Hello! I’m back! Yes, it’s me, Ashley, and I’m writing to you from my new apartment that I know you’re sick of hearing about already but I won’t stop mentioning. My brain only has room for two things at this point: apartment thoughts and podcasting. You get a serving of both. Anyway, we have a lot to get through today, so let’s do it. We’re talking Amazon’s podcasting vision, The New York Times’ audio status, and Facebook’s push into subscriptions.
EXCLUSIVE: A chat with Amazon Music’s head of podcasts
On Tuesday, I wrote about Amazon launching synchronized in-app podcast transcripts and said I’d be back with more for you Insiders. So today, I’m running an interview I conducted with Kintan Brahmbhatt, Amazon Music’s director of podcasts. I find conversations like this valuable because they level set. I haven’t seen much reporting, if any, on what Amazon’s real plans for podcasting are, so this chat gave me an idea of what to expect, even if it’s in the vague language typical of tech companies.
Let me specifically point out a couple things: Brahmbhatt says Amazon is viewing its audio work over the course of a decade, a reassurance for me, a person who needs things to continue to cover, and he also specifically mentions the car as a place where Amazon is focusing — similarly to Spotify with its Car Thing. Then there’s this line from Brahmbhatt: “…podcasts are just storytelling — storytelling and stories are [a] human scale opportunity.” That’s one way to describe it.
The interview’s a bit long, so I’m going to put it at the bottom of this newsletter. Stick around for the news now, or skip around. Whatever! Enjoy!
Ben Smith explains what went wrong with BuzzFeed podcasts
I, like everyone else in the media biz, listened to the Longform Podcast last week featuring New York Times media columnist Ben Smith. (Disclosure: The Longform Podcast is part of Vox Media’s podcast network, and Vox also owns this newsletter.) It’s a great interview and one especially fascinating for beat reporters — I’d recommend it! Smith also touches on his former employer, BuzzFeed, and what happened to the company’s audio team. For those who need a reminder: in 2018, BuzzFeed laid off its entire internal podcasting team and shut down most of its shows. Its audio efforts later restarted in 2019 with an iHeart partnership and daily show dedicated to Donald Trump’s first impeachment. (God! First!) The two entities currently still produce a daily show, now called BuzzFeed Daily.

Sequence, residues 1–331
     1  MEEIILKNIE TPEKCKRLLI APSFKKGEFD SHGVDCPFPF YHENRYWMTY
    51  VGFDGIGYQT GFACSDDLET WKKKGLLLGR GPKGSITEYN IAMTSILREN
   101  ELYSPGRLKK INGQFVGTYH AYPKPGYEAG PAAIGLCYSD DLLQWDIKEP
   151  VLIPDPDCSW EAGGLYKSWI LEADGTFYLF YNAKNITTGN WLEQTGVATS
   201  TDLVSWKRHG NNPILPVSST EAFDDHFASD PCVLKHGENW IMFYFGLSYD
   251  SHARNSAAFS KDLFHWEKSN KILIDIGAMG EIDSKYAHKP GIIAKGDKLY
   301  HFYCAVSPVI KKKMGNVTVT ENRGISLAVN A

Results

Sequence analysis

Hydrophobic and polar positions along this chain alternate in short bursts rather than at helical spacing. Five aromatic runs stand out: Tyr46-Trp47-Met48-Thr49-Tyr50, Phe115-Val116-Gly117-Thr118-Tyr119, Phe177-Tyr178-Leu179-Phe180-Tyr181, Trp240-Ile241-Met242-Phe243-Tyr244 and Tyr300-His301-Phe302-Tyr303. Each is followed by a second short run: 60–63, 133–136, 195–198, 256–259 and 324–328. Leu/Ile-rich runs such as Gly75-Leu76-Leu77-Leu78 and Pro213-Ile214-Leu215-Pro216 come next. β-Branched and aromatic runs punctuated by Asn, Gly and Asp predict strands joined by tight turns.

Here’s the meat of what Smith had to say:
“I really screwed up the business of it,” he says. “Like, didn’t see where it was going, didn’t understand the resources it needed, didn’t fund it enough to give people the support they needed to succeed but did fund it enough to have people incredibly overworked … I don’t know — we just screwed it up, honestly.” He goes on to say BuzzFeed didn’t “have revenue from it, didn’t have the patience and the vision to see where the business was headed, that there was going to be, two years from now, huge demand for shows with big audiences.”
So there you have it.
The failing New York Times?
Vanity Fair writer Charlotte Klein asks in her latest piece: “What happened to The New York Times’ grand podcast ambitions?” The story then goes on to argue that the Times has failed to follow up on the success of The Daily and doesn’t know where to go from here. She points to an in-the-works daily afternoon show, which I’ve independently confirmed exists with a source, and its lack of a launch as one example. The piece is broadly a retelling of the major Times story beats: the Caliphate disaster, Andy Mills’ scandal and departure, and the failure to launch a TV show off The Daily as evidence of a lack of grand podcast ambitions.
But I’m… not convinced. The Times might not have as big of a hit as The Daily, something so culturally relevant it was parodied on SNL, but it’s also not coasting. The company acquired Serial Productions, struck a marketing and ad deal with This American Life, poached Ezra Klein and Kara Swisher from Vox Media (hi, again, disclosure), and launched limited series like Day X, 1619, and Rabbit Hole, which I doubt were flops. (The Times also says its audio programming reaches, on average, 20 million people per month.)
I’m sure the company has something happening behind the scenes — lots of people have left in recent months — and perhaps there’s some broader unrest and burnout going on, but I don’t totally buy that the New York Times is fumbling around in the dark for a hit.
Which leads me to a quick aside related to the Times’ earnings call yesterday. In it, the publisher said it added a total of 455,000 new digital subscriptions this past quarter, which includes 135,000 for games, cooking, and Wirecutter. An interesting stat to point out, considering that it’s building a standalone audio app, too.